We can’t overemphasize the importance of confidentiality when you’re selling a business. It is essential every step of the way, from the first conversation with your M&A advisor all the way to closing. If confidentiality is breached, it can lead to significant issues with your employees, vendors, and competitors that could interfere with the sale of your business. Let’s take a look at how you can help protect your business through a few simple steps.


When you are communicating about the sale of your business, don’t use a phone number or email address that your employees could access. Always use personal numbers and email addresses that only you have access to.

Along similar lines, be sure to hold any meetings that pertain to the sale of your business away from your workplace. Otherwise, it’s possible that your side of the conversation could be overheard by your staff or customers.

The Marketing Process

Your M&A advisor will have years of experience in successful techniques to market your business confidentially. He or she will carefully screen all interested buyers and also make sure that only very limited information about the business is shared.

However, you will want to ensure that the right parties do receive the information that your business is for sale. At CBS Global, our advertisements focus on general descriptions, revenues, and general information about the industry. This is referred to as a “blind ad.” This technique conveys enough information to get buyers interested, but it protects your confidential details.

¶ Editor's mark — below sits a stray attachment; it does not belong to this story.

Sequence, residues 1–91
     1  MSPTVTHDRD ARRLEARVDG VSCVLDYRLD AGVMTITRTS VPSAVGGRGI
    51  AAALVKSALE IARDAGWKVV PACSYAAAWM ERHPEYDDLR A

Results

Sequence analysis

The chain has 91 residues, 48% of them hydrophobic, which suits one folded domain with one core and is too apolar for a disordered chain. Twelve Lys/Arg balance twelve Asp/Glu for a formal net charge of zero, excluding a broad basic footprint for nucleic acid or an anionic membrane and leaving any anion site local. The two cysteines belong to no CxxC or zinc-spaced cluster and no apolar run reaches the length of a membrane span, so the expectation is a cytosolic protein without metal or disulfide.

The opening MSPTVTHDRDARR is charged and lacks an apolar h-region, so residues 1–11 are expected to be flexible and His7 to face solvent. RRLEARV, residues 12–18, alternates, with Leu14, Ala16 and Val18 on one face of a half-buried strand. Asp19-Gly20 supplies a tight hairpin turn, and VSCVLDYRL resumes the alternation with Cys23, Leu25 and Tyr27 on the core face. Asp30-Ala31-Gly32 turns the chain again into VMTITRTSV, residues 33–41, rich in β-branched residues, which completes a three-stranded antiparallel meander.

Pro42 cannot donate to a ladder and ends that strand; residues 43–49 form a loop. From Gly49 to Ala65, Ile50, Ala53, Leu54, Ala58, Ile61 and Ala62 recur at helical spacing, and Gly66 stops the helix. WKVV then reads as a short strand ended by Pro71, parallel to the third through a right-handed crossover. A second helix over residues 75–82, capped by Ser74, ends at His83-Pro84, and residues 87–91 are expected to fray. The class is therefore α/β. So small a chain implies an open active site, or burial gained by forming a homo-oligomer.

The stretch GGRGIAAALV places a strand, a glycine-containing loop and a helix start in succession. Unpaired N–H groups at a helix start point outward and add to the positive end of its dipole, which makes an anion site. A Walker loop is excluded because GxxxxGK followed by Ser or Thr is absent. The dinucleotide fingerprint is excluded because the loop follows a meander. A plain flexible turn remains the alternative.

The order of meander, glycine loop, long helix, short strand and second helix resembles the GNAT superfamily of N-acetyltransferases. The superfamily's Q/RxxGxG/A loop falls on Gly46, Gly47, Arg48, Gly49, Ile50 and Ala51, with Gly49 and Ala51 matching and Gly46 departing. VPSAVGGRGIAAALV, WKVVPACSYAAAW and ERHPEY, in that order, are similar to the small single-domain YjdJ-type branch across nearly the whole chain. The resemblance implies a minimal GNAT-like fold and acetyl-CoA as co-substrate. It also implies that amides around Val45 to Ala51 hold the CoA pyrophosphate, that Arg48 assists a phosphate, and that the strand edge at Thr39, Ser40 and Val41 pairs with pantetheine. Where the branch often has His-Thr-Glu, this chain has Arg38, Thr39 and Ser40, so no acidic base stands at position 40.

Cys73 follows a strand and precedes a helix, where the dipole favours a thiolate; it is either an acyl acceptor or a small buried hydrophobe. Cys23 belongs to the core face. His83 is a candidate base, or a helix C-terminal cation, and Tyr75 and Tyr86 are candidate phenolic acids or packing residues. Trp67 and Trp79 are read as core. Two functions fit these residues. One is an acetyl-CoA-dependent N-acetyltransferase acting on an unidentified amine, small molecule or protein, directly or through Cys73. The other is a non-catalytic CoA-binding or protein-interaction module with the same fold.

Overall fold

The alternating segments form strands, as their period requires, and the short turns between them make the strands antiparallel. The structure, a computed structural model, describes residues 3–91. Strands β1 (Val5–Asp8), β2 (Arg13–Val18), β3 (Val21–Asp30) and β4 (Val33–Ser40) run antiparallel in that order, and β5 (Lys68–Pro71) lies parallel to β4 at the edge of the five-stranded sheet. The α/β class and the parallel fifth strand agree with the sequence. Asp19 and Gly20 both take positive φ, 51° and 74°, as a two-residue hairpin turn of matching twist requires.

We screen interested candidates on the phone to ensure that they are serious qualified buyers. Once we feel confident that the buyer could be a viable candidate, we then send an NDA agreement as well as a personal financial statement. Both forms must be properly filled out and signed or we cease communications.

When Can You Do If Rumors Start?

But what if confidentiality is somehow violated and rumors do begin to circulate that you are trying to sell? While this is rare, there are situations where this occurs. In this care, it’s essential to get ahead of the problem.

For example, if an employee were to overhear a conversation about a potential sale, be open and honest with that employee. Explain that no one’s job is in jeopardy and that you have valid reasons to sell. Ask them to keep this information confidential. In fact, in the case of older owners, it may be impossible to keep an upcoming retirement a secret, so you may have to trust your staff to protect this information.

Another approach to dealing with rumors is to simply deny that the business is for sale. You could also try a deflection approach where you make light of the situation using humor. With quick and decisive steps, you can resolve any potential confidentiality problems.

A Successful Sale

Most of keeping the sale of your business confidential comes down to just thinking things through ahead of time and being precautious. You’ll also want to select an M&A advisor who has proven experience keeping business deals confidential. Then you can rest assured that your best interests will be protected.


Michael J Schwantes is President & CEO of Creative Business Services/CBS-Global.

Call us to 920-432-1166. All your inquiries are strictly confidential.